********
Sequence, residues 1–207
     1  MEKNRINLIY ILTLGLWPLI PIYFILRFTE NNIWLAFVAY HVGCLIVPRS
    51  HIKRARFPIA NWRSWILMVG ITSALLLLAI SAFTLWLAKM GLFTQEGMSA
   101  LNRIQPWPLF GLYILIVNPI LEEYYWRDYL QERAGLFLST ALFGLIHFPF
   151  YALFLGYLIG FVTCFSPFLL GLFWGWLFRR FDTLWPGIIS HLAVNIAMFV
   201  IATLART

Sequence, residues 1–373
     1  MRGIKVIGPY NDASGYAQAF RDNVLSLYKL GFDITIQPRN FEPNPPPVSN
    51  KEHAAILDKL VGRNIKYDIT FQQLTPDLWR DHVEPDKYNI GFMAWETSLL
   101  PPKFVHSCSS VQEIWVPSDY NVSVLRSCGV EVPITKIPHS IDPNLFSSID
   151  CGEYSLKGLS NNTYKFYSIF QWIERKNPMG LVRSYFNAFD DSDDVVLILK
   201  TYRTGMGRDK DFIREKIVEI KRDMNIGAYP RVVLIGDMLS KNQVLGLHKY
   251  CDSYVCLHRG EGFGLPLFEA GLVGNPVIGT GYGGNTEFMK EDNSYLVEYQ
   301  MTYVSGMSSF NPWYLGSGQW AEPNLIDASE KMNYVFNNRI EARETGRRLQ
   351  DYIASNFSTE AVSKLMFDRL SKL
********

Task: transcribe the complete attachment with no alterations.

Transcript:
Sequence, residues 1–207
     1  MEKNRINLIY ILTLGLWPLI PIYFILRFTE NNIWLAFVAY HVGCLIVPRS
    51  HIKRARFPIA NWRSWILMVG ITSALLLLAI SAFTLWLAKM GLFTQEGMSA
   101  LNRIQPWPLF GLYILIVNPI LEEYYWRDYL QERAGLFLST ALFGLIHFPF
   151  YALFLGYLIG FVTCFSPFLL GLFWGWLFRR FDTLWPGIIS HLAVNIAMFV
   201  IATLART

Sequence, residues 1–373
     1  MRGIKVIGPY NDASGYAQAF RDNVLSLYKL GFDITIQPRN FEPNPPPVSN
    51  KEHAAILDKL VGRNIKYDIT FQQLTPDLWR DHVEPDKYNI GFMAWETSLL
   101  PPKFVHSCSS VQEIWVPSDY NVSVLRSCGV EVPITKIPHS IDPNLFSSID
   151  CGEYSLKGLS NNTYKFYSIF QWIERKNPMG LVRSYFNAFD DSDDVVLILK
   201  TYRTGMGRDK DFIREKIVEI KRDMNIGAYP RVVLIGDMLS KNQVLGLHKY
   251  CDSYVCLHRG EGFGLPLFEA GLVGNPVIGT GYGGNTEFMK EDNSYLVEYQ
   301  MTYVSGMSSF NPWYLGSGQW AEPNLIDASE KMNYVFNNRI EARETGRRLQ
   351  DYIASNFSTE AVSKLMFDRL SKL